Python Variables – Time to level up your coding skills
Let’s start talking about variables in Python. In this Python variables tutorial, we will see how to name them, use them, and delete them. We will begin our article by learning what are variables in Python?
Wait!! Before moving ahead, first, clear your basics with TechVidvan’s Python tutorial.
Python variables are containers for storing data values. Let’s take an example.
This is a variable. We can refer to this now with the name ‘name’. We do not declare the type of variable – name is ‘TechVidvan’. Let’s talk about that.
Python is Dynamically-Typed
When assigning to a variable, we do not need to declare the data type of the values it will hold. This is decided by the interpreter at runtime. We do not declare a variable, we directly assign to it. One variable can hold different types of objects. We will discuss this later.
Here, name holds a string.
We cannot name a variable anything. A variable name is called an identifier and has to follow some rules:
- Variables can have letters (A-Z and a-z), digits(0-9) and underscores.
- It cannot begin with an underscore (_) or a digit.
- It cannot have whitespace and signs like + and -, !, @, $, #, %.
- It cannot be a reserved keyword for Python.
- Variable names are case sensitive.
A variable’s name can be made of letters, digits, and underscores but you cannot begin it with an underscore or a digit. You can also not use whitespace or the signs + and – in a name. Let’s take some examples of valid variable names:
These names are invalid:
These are 33 reserved words. They define the syntax and structure of Python. You cannot use a word from this list as a name for your variable or function. In this list, all words except True, False, and None are in lowercase.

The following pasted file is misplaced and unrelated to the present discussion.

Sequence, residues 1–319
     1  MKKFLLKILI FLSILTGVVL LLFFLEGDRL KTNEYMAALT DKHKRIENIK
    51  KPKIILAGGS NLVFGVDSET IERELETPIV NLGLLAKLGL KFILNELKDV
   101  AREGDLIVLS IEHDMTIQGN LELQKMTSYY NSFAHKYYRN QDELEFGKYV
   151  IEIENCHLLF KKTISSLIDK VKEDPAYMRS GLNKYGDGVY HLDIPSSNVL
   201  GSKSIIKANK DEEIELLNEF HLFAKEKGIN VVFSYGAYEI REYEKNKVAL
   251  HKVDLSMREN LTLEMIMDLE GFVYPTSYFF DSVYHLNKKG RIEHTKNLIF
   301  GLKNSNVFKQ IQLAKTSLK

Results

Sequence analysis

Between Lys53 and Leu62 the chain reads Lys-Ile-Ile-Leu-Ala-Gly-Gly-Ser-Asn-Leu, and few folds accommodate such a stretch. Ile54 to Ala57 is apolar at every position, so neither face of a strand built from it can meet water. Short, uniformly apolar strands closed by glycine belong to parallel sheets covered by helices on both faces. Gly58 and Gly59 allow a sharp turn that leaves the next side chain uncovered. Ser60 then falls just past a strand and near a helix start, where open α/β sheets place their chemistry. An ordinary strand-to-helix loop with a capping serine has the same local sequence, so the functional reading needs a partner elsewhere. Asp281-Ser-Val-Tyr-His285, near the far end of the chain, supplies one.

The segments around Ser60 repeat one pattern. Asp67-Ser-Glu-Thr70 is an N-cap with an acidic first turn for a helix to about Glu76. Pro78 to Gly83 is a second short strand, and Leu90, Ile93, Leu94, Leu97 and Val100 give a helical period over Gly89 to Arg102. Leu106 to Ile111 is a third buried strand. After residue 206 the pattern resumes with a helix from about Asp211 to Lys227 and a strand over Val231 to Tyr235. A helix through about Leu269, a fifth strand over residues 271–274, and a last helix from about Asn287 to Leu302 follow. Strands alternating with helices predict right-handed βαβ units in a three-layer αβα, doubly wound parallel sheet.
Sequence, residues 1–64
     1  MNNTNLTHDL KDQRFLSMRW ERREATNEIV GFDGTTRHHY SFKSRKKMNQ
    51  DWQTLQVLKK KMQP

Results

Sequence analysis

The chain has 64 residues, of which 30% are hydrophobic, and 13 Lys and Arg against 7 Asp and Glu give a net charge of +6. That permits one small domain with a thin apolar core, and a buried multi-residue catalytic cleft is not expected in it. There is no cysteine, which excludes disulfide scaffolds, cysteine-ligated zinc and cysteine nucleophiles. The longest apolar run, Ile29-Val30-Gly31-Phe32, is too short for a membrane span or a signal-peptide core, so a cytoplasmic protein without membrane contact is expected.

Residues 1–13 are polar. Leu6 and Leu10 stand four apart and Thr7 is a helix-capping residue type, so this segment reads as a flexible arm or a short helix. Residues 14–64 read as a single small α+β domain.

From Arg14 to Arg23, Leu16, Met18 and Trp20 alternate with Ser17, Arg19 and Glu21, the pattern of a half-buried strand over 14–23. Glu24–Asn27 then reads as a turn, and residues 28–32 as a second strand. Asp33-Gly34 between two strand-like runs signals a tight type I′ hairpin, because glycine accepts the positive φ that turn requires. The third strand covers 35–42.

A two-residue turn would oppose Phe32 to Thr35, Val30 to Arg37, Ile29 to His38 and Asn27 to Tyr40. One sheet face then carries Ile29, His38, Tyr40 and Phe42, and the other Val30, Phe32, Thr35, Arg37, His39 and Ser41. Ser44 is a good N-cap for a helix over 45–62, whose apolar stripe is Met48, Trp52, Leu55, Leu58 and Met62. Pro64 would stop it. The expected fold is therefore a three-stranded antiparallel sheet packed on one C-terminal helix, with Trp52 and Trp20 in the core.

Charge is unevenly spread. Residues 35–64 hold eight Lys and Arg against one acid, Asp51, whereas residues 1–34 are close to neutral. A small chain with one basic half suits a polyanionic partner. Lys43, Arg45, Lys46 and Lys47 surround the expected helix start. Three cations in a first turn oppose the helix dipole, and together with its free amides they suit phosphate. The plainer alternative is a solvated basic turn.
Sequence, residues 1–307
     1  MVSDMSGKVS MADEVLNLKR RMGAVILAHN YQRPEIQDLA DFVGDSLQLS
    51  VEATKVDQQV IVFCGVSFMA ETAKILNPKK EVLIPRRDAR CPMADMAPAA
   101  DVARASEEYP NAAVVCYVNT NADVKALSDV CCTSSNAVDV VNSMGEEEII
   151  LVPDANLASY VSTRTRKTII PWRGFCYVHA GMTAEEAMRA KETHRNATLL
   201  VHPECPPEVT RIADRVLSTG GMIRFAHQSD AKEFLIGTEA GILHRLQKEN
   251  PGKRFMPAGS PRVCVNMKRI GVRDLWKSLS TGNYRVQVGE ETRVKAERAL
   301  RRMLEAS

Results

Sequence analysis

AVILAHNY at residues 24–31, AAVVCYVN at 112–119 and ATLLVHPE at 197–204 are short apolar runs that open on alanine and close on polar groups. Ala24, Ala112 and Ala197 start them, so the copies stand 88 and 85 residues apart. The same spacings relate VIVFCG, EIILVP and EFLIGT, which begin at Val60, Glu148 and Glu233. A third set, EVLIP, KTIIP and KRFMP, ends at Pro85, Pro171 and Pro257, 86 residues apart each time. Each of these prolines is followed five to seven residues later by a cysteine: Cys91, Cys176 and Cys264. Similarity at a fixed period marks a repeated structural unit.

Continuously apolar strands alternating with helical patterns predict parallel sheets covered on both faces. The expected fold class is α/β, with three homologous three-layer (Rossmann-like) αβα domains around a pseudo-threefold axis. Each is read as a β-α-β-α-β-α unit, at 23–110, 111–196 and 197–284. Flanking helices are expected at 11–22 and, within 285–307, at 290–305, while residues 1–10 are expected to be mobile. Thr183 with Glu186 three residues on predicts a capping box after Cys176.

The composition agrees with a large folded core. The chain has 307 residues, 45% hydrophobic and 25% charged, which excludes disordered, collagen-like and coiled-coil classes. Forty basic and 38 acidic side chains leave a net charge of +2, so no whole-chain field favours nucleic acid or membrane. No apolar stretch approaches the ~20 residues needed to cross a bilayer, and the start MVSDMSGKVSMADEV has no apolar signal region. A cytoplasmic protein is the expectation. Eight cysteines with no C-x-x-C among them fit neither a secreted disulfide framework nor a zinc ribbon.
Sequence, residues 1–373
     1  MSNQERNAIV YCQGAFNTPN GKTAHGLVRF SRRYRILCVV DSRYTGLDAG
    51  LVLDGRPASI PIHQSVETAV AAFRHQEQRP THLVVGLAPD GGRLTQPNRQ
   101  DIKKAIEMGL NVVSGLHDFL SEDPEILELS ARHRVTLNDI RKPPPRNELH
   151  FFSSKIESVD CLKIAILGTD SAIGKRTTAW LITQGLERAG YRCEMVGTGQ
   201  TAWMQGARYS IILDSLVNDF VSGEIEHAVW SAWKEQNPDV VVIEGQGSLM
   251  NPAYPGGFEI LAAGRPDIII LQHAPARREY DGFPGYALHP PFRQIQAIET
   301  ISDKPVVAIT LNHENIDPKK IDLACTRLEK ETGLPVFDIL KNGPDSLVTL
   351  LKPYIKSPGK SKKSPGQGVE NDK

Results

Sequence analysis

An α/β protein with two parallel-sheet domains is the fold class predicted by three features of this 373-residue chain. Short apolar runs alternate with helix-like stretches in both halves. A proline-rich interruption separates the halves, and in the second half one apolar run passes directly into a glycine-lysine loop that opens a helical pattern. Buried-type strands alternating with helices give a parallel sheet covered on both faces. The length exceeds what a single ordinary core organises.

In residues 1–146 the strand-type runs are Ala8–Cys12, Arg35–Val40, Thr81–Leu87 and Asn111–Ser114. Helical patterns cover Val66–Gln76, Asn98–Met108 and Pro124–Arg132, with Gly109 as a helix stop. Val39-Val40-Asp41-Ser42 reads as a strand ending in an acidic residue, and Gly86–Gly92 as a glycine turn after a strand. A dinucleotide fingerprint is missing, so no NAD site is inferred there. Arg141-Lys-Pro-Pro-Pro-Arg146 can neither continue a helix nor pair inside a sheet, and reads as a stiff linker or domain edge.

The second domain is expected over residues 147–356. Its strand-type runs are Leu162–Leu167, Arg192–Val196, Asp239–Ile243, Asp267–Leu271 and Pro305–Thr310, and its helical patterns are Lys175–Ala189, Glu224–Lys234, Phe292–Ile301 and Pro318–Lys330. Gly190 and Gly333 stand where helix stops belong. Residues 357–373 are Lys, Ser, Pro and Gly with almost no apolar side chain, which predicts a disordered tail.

- Variable names can be of any length but you should try to not exceed 79 characters.
- Python variable names are case-sensitive. The variable ‘name’ is different than the variable ‘Name’.
- According to PEP8, you should name long variables names like this- long_variable_name with underscores.
Like we said, we do not declare variables, we assign them. This is how we assign a variable:
The variable name has the value ‘TechVidvan’, but later, it has the value 8. This is possible.
We cannot assign a variable to a value.
SyntaxError: can’t assign to literal
This gives us a SyntaxError as we cannot assign to a literal. You can also use foreign characters in variable names.
There are many ways to assign variables. Let’s see them.
1. Assigning Multiple Variables
You can assign different values to multiple variables in a statement.
fname, lname=‘Lucifer’, ‘Satan’
Here, fname is ‘Lucifer’ and lname is ‘Satan’. We can assign values to both fname and lname in one statement.
2. Assigning Single Value
You can also assign a single value to many variables.
In this, fname and lname both are ‘Satan’.
3. Incrementing before Assigning Value
You do not need to declare a variable in Python, you can assign to it. But you cannot increment or change its value if you have not assigned a value to it.